# Python Pandas For Your Grandpa | Section 2.2 | Series Basic Operations

# Course Contents

- Introduction
- Series

2.1 Series Creation

**2.2 Series Basic Operations**

2.3 Series Basic Indexing

2.4 Series Overwriting Data

2.5 Series Apply

2.6 Series Concatenation

2.7 Series Boolean Indexing

2.8 Series View Vs Copy

2.9 Series Missing Values

2.10 Series Challenges

```
import numpy as np
import pandas as pd
```

Suppose you have the following Series of integers, `[1,2,3,4]`

, and you add a scalar to it.

```
x = pd.Series([1, 2, 3, 4])
x + 1
## 0 2
## 1 3
## 2 4
## 3 5
## dtype: int64
```

Just like NumPy, pandas uses broadcasting to add the scalar to each element of the Series. But watch what happens when we wrap that scalar into a Series before adding it.

```
x + pd.Series(1)
## 0 2.0
## 1 NaN
## 2 NaN
## 3 NaN
## dtype: float64
```

Strange.. the result is a Series of length 4 where the first element is clearly the sum of the 1st elements of the inputs, but the remaining 4 elements are NaN. It turns out that Series arithmetic is fundamentally different than NumPy arithmetic. The difference has to do with that pesky index thing we’ve been avoiding.

When you add two Series `a`

and `b`

, **pandas only combines elements with the same index label**. Looking back at our example, the temporary Series we created, `pd.Series(1)`

, automatically gets an index label of 0, so it only gets added to elements of x which also have an index label of 0.

```
y = pd.Series(1)
x + y
## 0 2.0
## 1 NaN
## 2 NaN
## 3 NaN
## dtype: float64
```

This behavior causes a lot of confusion because when you create a Series from scratch, pandas automatically gives the Series a sequential index starting from 0. So if you make two corresponding Series, `a`

and `b`

, and you add them together, it *looks* like the addition is happening element-wise by position.

```
a = pd.Series([10, 20, 30, 40, 50])
b = pd.Series([1, 2, 3, 4, 5])
a + b
## 0 11
## 1 22
## 2 33
## 3 44
## 4 55
## dtype: int64
```

But actually this isn’t the case. It’s easy to see if you reverse the index values of one of the arrays before adding them together.

```
a.index = np.array([4, 3, 2, 1, 0])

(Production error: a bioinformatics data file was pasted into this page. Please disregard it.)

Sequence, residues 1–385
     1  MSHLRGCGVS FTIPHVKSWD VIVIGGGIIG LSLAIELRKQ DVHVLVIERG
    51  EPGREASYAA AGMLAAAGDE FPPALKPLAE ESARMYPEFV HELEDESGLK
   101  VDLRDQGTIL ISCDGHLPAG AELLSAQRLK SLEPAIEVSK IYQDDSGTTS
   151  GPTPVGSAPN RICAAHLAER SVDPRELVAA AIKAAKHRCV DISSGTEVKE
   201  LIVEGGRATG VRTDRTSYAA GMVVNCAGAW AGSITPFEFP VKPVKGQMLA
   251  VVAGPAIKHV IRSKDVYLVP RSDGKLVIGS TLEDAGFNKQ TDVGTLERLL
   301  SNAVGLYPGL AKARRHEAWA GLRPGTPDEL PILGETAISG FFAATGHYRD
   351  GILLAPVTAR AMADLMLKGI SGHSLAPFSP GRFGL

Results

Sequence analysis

a + b
## 0 51
## 1 42
## 2 33
## 3 24
## 4 15
## dtype: int64
```

The same behavior holds true for subtraction, multiplication, division, and other basic math operations. We’ll take a closer look at indexes and why they’re useful shortly, but what if you didn’t want this behavior? In other words, what if you just wanted to add Series `a`

and `b`

element-wise by position? The answer is a recurring theme in this course - drop down to the NumPy level and do it there.

For example, if we do `a.to_numpy() + b.to_numpy()`

, we’ll simply be adding two NumPy arrays, and addition between NumPy arrays happens element-wise by position, as you’d expect. Of course, the result will also be a NumPy array so you’ll have to convert it back to a Series if that’s what you want.

```
a.to_numpy() + b.to_numpy()
## array([11, 22, 33, 44, 55])
pd.Series(a.to_numpy() + b.to_numpy())
## 0 11
## 1 22
## 2 33
## 3 44
## 4 55
## dtype: int64
```

Alternatively, if you add a Series to a NumPy array, the addition happens element-wise by position and the result will be a Series with the same index labels as the original Series. So, here we do `a + b.to_numpy()`

and it works just like the last example, except a’s index values are retained in the result.

```
a + b.to_numpy()
## 4 11
## 3 22
## 2 33
## 1 44
## 0 55
## dtype: int64
```

Also worth discussing - when we added `pd.Series([1, 2, 3, 4]) + pd.Series(1)`

up above, you may have noticed the result was a Series of floats, even though both inputs were Series of ints. This is because the result had NaN values and NaNs only exist in NumPy as a floating point constant, so Pandas was forced to coerce the result from ints to floats. That behavior may change soon though, since Pandas recently released its own Nullable integer data type.